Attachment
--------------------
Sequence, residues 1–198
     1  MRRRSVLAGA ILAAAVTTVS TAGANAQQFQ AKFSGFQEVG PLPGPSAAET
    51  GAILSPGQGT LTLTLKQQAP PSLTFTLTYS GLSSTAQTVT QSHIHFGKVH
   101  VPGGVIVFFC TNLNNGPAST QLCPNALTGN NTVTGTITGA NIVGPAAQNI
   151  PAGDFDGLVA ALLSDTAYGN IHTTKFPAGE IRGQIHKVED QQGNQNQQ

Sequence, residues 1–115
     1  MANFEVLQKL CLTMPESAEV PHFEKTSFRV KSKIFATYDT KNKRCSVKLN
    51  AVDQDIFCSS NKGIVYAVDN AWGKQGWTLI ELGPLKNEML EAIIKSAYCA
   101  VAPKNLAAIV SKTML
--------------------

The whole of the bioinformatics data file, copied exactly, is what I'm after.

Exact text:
Sequence, residues 1–198
     1  MRRRSVLAGA ILAAAVTTVS TAGANAQQFQ AKFSGFQEVG PLPGPSAAET
    51  GAILSPGQGT LTLTLKQQAP PSLTFTLTYS GLSSTAQTVT QSHIHFGKVH
   101  VPGGVIVFFC TNLNNGPAST QLCPNALTGN NTVTGTITGA NIVGPAAQNI
   151  PAGDFDGLVA ALLSDTAYGN IHTTKFPAGE IRGQIHKVED QQGNQNQQ

Sequence, residues 1–115
     1  MANFEVLQKL CLTMPESAEV PHFEKTSFRV KSKIFATYDT KNKRCSVKLN
    51  AVDQDIFCSS NKGIVYAVDN AWGKQGWTLI ELGPLKNEML EAIIKSAYCA
   101  VAPKNLAAIV SKTML